A key regional player in East Africa, Kenya is a major communications and logistics hub, with an important Indian Ocean port and land borders with Somalia, Ethiopia, South Sudan, Uganda, and Tanzania. It has a population of about 48.5 million (2016). A new constitution in 2010 introduced a tenured judiciary and bicameral legislative house, and devolved county government, a move that has had a major impact on service delivery. Elections in August 2017 returned President Uhuru Kenyatta to office for a second term, but were nullified in September by Kenya's Supreme Court, paving the way for a run-off between Kenyatta and Raila Odinga, his closest rival. This was switched to a re-run for all the presidential candidates as rules governing the race were revisited.
The prolonged period of political uncertainty following the elections, and the prospect of another round of polling, have contributed to an apparent slowing of the economy, with the possibility of unrest a worry for Kenya's neighbors, too. The port of Mombasa is a key transit point not just for imports and exports to and from Kenya, but also to and from Uganda, Rwanda, South Sudan, and the Democratic Republic of the Congo.
Devolution is the biggest gain from the 2010 constitution, transforming political and economic governance, and strengthening accountability and public service delivery at local levels. Key development challenges remain, though, including poverty, inequality, and climate change. After faltering in 2008, economic growth has resumed, reaching 5.8% in 2016 to place Kenya as one of the fastest growing economies in Sub-Saharan Africa. This expansion was boosted by a stable macroeconomic environment, low oil prices, a rebound in tourism, strong remittance inflows, and government-led infrastructure development initiatives.
Looking ahead, near-term GDP growth is expected to decelerate to 5.5% in 2017 because of drought, weak credit growth, security concerns, and a rise in oil prices. Medium-term GDP growth should rebound to 5.8% in 2018 and 6.1% in 2019 respectively, depending on the completion of ongoing infrastructure projects, the resolution of slow credit growth, and the strengthening of the global economy and tourism.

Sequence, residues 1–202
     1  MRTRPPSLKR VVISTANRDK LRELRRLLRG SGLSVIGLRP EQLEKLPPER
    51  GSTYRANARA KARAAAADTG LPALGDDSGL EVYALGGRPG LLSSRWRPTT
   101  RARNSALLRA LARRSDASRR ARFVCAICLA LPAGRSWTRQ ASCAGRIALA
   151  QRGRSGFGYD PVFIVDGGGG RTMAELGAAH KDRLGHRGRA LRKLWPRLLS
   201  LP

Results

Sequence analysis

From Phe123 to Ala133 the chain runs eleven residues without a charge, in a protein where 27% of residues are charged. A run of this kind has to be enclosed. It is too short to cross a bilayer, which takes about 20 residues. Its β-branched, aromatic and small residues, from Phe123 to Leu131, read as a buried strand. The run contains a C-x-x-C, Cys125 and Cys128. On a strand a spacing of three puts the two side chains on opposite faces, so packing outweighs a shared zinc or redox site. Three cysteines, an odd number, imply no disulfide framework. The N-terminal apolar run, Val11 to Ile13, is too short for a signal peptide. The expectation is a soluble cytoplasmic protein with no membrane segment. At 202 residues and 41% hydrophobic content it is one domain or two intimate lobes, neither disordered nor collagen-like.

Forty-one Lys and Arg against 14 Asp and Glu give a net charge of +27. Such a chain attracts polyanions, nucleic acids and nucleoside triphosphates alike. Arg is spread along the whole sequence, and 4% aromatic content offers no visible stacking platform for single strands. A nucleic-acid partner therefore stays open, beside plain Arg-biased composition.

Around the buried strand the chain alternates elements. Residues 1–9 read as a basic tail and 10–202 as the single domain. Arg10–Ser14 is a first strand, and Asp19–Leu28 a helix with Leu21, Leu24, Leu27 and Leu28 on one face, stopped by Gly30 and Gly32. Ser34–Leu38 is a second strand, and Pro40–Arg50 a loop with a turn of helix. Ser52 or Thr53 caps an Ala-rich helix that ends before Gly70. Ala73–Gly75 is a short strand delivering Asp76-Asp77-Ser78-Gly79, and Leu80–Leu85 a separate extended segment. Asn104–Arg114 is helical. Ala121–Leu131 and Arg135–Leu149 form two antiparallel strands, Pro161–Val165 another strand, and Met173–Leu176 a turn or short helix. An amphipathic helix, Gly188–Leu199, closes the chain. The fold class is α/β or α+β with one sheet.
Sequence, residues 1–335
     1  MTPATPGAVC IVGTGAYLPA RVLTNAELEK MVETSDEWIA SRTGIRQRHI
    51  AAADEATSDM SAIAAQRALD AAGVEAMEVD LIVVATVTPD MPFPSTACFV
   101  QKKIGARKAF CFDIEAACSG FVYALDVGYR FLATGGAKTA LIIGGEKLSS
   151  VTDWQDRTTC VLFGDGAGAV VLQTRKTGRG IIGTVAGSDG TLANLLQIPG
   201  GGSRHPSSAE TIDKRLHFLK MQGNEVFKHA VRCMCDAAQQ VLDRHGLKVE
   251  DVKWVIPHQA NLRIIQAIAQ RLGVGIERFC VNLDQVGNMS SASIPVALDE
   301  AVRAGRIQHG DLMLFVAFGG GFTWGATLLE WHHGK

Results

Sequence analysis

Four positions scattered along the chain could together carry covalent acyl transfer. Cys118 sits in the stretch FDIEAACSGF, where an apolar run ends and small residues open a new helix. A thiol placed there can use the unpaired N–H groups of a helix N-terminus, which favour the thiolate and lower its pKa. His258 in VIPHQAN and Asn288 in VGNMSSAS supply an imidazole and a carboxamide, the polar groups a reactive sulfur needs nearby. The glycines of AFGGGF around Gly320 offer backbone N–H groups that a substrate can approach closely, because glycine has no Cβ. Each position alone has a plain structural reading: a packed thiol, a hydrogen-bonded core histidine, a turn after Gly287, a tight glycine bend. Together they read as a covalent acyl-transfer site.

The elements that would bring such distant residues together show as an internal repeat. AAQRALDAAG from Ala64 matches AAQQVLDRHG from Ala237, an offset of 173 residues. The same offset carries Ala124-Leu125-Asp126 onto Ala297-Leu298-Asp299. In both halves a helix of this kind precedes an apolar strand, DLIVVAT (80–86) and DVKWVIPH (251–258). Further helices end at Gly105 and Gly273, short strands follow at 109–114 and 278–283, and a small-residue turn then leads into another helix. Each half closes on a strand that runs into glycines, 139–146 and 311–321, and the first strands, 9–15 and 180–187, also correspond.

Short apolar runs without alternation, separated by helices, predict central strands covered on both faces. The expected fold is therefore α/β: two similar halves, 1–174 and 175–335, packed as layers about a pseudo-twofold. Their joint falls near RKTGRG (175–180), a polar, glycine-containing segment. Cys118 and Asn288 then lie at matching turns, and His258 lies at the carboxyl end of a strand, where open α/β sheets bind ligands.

In the long-term, the adoption of prudent macroeconomic policies will help safeguard Kenya’s robust economic performance. This includes the implementation of fiscal and monetary prudence and lowering the deficit down to 4.3% by FY19/20, as per the Medium Term Fiscal Framework. Fiscal consolidation needs to avoid compromising public investment in critical infrastructure key to unlocking the economy’s productive capacity.
On social development, Kenya met some Millennium Development Goals (MDGs) targets, including reduced child mortality, near universal primary school enrolment, and narrowed gender gaps in education. Interventions and increased spending on health and education are paying dividends. And, while the healthcare system has faced challenges, devolved health care and free maternal health care at all public health facilities will improve health care outcomes and develop a more equitable health care system.
Kenya's youthful and growing population, dynamic private sector, highly skilled workforce, improved infrastructure, new constitution, and pivotal role in East Africa, give it the potential to be one of Africa’s great success stories. Addressing poverty, inequality, governance, and the skills gap (between market requirements and the education curriculum) will be major goals, as well as problems of climate change, low investment, and low productivity. Only when these have been addressed can sustained growth rates transform lives of ordinary Kenyan citizens.
Last Updated: Oct 10, 2017